I was inspired to write down a few notes on my problem with the illusion of perfection by an interaction with a close relative over this past weekend. We have been saying for many months (years?) that we want to take a trip together as a group, but we never got around to doing it. An opportunity arose in the form of an invitation from another family member to join them this Fall on a lake trip. I thought it was a great idea, and began researching immediately. I got the details together, such as where to stay, the estimated cost, who we were going with, and the dates to go. All the basic necessities you need to plan a vacation. When I asked the rest of the group if I could go ahead and book, one family member wanted to put the plan on hold “until we got all the details together”. He was experiencing some anxiety, because not every single detail regarding the trip was planned out. Details such as what to eat, who to hang out with, what water activities to do. So much anxiety that he did not want to commit to booking a location just yet. Which is what happened in every past trip we tried to plan, hence the months and years that have passed since we first decided this was something we wanted to do. Someone else in the family had to explain this aversion to me so that I may better understand it. For this family member, not having an extremely detailed game plan set in stone causes anxiety. He had high expectations of what a trip SHOULD look like, and feared deviating from that picture perfect image. And his anxiety leads to inaction. This happens a lot, and to many people.
For example, I know many friends who have personally expressed to me their dissatisfaction with the work that they do. When I delved deeper into the reasons for their dissatisfaction, with a focused interest on what their true passions are in life, I notice that all of them have current jobs that do not equate with their true passions. The solution to the problem was simple. So I point this out to many of them, and when I asked why they don’t just open up their dream coffee shop, or travel the world (or insert-dream-job-here), they give me a list of excuses.
“I cannot afford it.”
“It’s too risky.”
“I don’t have the time.”
Or my all-time favorite: “I still need to achieve ____ and ____ and ____ before I can even start that process.”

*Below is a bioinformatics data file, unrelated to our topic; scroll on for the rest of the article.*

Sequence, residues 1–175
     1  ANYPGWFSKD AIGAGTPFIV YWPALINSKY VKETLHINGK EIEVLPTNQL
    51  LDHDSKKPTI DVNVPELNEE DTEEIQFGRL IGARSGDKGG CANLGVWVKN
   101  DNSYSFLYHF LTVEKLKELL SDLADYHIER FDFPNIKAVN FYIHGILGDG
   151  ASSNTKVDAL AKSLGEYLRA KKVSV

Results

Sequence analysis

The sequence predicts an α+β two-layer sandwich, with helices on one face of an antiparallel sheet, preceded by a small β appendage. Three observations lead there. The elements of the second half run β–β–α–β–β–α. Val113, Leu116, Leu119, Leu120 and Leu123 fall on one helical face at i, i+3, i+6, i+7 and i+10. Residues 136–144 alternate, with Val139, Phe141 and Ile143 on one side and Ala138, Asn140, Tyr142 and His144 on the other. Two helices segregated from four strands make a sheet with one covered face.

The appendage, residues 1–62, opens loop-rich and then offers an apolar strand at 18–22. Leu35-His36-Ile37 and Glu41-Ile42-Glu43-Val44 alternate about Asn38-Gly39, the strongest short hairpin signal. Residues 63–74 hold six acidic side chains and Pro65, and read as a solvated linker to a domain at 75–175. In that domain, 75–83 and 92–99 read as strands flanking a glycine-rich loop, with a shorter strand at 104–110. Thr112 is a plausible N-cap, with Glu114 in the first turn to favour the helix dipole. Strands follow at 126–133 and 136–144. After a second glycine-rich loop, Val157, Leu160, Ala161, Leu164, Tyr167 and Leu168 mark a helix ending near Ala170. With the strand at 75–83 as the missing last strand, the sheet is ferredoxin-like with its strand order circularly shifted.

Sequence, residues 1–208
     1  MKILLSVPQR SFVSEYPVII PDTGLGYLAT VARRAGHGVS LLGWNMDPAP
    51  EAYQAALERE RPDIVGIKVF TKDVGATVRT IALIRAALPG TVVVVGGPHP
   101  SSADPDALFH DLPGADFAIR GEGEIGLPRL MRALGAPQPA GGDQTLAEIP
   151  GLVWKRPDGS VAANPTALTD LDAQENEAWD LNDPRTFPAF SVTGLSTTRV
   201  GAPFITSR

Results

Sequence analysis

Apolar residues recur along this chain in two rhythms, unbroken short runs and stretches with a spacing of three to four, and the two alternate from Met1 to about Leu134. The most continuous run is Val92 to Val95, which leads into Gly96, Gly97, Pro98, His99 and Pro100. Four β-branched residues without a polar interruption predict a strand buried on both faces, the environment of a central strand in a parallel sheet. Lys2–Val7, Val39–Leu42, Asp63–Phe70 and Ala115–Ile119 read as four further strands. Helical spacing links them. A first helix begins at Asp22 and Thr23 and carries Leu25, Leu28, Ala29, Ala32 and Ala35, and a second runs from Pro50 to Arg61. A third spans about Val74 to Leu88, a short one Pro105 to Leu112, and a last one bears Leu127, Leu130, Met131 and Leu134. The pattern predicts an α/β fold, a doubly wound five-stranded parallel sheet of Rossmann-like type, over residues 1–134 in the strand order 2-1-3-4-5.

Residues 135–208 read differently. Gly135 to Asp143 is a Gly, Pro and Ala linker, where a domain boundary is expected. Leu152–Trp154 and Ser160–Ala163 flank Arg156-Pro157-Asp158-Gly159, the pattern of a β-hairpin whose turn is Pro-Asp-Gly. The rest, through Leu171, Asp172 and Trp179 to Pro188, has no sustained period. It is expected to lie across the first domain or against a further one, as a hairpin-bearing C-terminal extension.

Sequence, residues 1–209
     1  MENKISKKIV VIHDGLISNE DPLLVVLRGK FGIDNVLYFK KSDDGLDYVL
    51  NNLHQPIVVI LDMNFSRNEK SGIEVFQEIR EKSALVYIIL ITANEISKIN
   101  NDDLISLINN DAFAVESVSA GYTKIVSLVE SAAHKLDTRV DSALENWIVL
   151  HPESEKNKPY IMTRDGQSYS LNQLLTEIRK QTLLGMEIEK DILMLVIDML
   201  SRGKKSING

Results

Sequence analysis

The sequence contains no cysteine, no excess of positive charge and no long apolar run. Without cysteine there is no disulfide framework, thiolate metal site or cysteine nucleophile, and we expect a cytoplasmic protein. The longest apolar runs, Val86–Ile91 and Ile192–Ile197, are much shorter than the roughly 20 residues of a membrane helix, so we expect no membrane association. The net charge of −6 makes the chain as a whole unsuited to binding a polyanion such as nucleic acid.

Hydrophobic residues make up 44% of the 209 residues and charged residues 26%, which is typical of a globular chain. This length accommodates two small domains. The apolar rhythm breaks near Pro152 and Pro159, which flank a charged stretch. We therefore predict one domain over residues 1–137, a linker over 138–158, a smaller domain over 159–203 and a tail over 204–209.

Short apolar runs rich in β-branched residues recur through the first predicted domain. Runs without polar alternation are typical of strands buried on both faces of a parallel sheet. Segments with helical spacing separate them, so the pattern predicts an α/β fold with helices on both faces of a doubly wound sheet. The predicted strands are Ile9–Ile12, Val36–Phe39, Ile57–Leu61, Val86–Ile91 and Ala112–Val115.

They fear failure. They fear the unknown. They fear not having a perfect plan that will guarantee them success. They fear not being a perfect person, and mostly, they fear having others judge them for it.
As human beings, it is in our nature to make mistakes. We are also blessed (or cursed) to be one of the few species on Earth capable of self-awareness. Together, these two human traits make us doubtful creatures, constantly re-assessing our value and worth based on what we perceive to be ideal.
Growing up, many of us are taught that ideal equates to perfection, or at least, as close to perfection as you could achieve. The problem with perfection is the fact that perfection does not exist. Many are aware of this but still continue to search for that which does not exist. Obsessing over perfection leads to very detrimental effects to one’s lifestyle, and fear of making mistakes could cause us to make the biggest mistake of our lives, which is, to not act at all.
We are constantly surrounded by social media and advertising that show us a picture-perfect image of what the ideal is. Even though most of us understand that these images are staged photographs of what could be and not necessarily what is, it is difficult to separate the subconscious conclusion that we, too, could attain this picture-perfect state. Because of this assumption, our goals become unreachable when they mirror the expectations set before us. Perfection can then lead to that ever-famous saying, “If I can’t reach it, why bother try?”
“Our lives are defined by opportunities. Even the ones we miss.”
We have to stop fearing the imperfect. There is no perfect. Inaction, by definition, leads nowhere. We have to stop waiting for that ideal time. We have to stop waiting for the stars to align. Make them align yourself. The person who acts towards an unreachable goal and falls short achieves more than the person who did not try at all.
Because as humans, we also have the power to adapt. Follow actions with even more actions, even if they are corrections of previous actions. And repeat this again and again and again. Never stop. Take back your life. Live it to the fullest and live it well.
And when you get there, reach back and pull someone up with you. Each one, teach one. I’ve had a mother of two thank me for giving her the courage to quit a busy and stressful office environment, in exchange for a slower practice with less days that was more suited to her lifestyle and gave her the time to be with her kids. She had been afraid to try and see what’s out there, until we prioritized her life goals together. A co-worker kept telling me that he always wanted to take a DJ-ing class, and so I kept telling him he should do it! A few months later, he told me that seeing me take pottery classes and guitar lessons inspired him to finally sign up for DJ classes. And it was very humbling to hear someone older than me, more experienced than me, and wiser than me, tell me that my frequent travelling motivated him to plan a three week vacation to visit multiple countries in Asia where he used to live. People want to act. They just need help being unafraid.
Oh, and about that vacation. I booked it.